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GPT-4 rolls artificial intelligence tanks onto accounting’s lawn

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Whether it’s preparing tax returns or passing accountancy exams, ChatGPT has taken another step towards the accounting profession over the past week. But when it comes to the work accountants currently do, where are its limits and are there opportunities for firms or vendors looking to ride the AI wave?

22nd Mar 2023
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There are many ways to demonstrate the virtues of a groundbreaking new product. You can show people what it does, tell everyone how great it is, or just smash it with a baseball bat. However, outside the somewhat niche world of tax software, few demonstrators of a cutting-edge product have chosen to exhibit their wares by doing someone’s taxes. 

But that’s what artificial intelligence (AI) research lab OpenAI chose as their Steve Jobs “one more thing” moment when demonstrating GPT-4, the latest version of the AI system that powers ChatGPT.

About 19 minutes into an online demonstration to showcase the new tool, OpenAI president Greg Brockman showed an audience of more than one million people that GPT-4 could ingest the entire US tax code and then calculate the correct tax liability for a fictional couple’s return.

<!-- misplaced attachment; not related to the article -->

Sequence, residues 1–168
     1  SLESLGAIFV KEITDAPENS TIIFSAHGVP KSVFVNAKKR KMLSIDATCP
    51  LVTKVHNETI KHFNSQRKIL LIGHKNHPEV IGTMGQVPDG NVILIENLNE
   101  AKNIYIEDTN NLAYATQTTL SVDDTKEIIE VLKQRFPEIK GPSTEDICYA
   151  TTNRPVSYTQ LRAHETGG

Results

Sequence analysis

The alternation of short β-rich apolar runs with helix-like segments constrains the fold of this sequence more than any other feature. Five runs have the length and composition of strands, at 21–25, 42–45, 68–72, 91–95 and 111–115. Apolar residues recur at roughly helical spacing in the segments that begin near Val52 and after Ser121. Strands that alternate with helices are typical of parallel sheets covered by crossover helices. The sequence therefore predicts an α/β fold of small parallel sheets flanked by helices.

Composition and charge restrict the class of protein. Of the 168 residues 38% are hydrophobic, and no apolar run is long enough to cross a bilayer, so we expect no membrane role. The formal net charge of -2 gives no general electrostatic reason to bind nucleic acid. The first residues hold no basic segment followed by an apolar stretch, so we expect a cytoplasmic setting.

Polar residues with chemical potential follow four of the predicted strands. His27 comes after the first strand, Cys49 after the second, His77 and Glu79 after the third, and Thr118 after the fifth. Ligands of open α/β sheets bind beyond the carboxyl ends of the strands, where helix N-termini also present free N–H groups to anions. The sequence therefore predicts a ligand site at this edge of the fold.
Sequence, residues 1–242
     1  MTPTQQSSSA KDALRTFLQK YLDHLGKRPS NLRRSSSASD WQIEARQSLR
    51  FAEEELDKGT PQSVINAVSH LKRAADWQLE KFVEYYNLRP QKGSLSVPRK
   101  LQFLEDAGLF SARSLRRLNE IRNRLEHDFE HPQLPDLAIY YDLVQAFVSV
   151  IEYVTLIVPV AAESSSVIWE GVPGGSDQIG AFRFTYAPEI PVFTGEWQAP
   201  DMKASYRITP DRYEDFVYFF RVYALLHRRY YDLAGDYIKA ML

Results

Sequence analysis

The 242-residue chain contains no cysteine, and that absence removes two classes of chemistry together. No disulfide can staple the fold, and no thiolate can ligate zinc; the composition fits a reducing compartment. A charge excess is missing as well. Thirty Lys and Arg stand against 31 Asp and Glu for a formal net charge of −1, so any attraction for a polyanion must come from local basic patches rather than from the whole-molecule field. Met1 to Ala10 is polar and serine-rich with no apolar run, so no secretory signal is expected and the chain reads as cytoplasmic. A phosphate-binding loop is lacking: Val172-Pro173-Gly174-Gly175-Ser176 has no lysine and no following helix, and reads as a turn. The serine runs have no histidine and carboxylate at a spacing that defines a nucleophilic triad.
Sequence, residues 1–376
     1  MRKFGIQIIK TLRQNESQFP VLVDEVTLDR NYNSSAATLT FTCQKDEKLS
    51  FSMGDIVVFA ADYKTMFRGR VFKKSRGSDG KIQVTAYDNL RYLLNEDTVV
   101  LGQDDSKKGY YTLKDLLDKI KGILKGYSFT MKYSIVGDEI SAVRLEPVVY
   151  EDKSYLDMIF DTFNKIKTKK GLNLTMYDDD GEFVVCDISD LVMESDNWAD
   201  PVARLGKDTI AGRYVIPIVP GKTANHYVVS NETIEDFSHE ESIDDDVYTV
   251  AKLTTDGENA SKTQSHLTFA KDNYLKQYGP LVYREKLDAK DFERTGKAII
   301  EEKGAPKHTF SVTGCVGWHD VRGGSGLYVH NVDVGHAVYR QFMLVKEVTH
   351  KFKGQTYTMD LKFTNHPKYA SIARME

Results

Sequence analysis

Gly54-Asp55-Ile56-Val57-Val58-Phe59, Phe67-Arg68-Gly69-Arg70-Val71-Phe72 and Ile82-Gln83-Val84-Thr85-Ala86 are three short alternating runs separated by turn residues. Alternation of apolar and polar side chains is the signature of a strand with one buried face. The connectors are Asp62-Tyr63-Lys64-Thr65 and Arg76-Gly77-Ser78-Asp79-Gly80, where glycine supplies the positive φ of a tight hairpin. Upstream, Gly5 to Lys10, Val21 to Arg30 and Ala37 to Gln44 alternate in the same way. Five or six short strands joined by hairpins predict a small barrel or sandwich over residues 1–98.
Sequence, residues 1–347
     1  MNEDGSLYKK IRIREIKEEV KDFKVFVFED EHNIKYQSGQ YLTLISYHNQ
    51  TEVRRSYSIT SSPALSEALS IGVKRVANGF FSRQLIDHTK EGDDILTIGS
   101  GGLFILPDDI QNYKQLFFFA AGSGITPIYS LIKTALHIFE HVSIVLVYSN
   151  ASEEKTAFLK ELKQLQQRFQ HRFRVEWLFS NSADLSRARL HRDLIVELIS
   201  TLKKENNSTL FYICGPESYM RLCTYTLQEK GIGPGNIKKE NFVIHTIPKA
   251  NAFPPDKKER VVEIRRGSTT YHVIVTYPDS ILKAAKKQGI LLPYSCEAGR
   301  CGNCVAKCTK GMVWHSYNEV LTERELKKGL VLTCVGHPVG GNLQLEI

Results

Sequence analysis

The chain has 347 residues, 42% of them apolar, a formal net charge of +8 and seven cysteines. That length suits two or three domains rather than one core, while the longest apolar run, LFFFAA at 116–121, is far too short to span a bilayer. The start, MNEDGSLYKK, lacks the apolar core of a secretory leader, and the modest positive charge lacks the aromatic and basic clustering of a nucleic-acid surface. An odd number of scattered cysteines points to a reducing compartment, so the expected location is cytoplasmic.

Despite telling the model via an initial prompt that it was “TaxGPT”, Brockman was careful to qualify that GPT is “not a qualified tax professional” and the functionality was there to “help you empower yourself”, “solve problems” and “get a handle” on things.

At least one commentator pointed out that the answer it gave was technically incorrect. But does that matter when news outlets across the globe screamed “GPT-4 can do your taxes!” into the faces of accounting firms’ clients? How many clients have already pointed out the demo to their accountants? For the profession, has the damage been done? 

Opportunities and ramifications

Stuart Cobbe, chartered accountant and principal consultant at The Analytical Accountant, the technology has the potential to rewrite the way a lot of basic work is being done in the profession.

“For tasks like responding to emails, audit working papers, basic content creation or content processing, there are plenty of opportunities for efficiencies coming soon, but there are ramifications for this. It’s scary for knowledge industries, not just accountancy, as there’s a real risk that knowledge will be hoovered up by these models, and value that was previously generated by study, brainpower and professional organisation just goes straight to the large tech players.”

Cobbe recently ran the new GPT-4 model through a sample ACA Assurance paper, where it made a significant improvement in performance compared with its predecessor – up from 42% to a pass mark of 78%.

Generative email replies

Jason Staats, a firm owner and CPA based in Oregon, is at the forefront of thinking about how AI tools could be used in accounting firms, and believes the new tools can add value across a whole range of accounting functions, from fully automating bookkeeping to tax research tools. 

One example Staats uses relates to generating email replies – enhancing current autocomplete suggestions with the artificial general intelligence (AGI) embedded in the new solutions –  significantly upgrading practice management solutions in the process.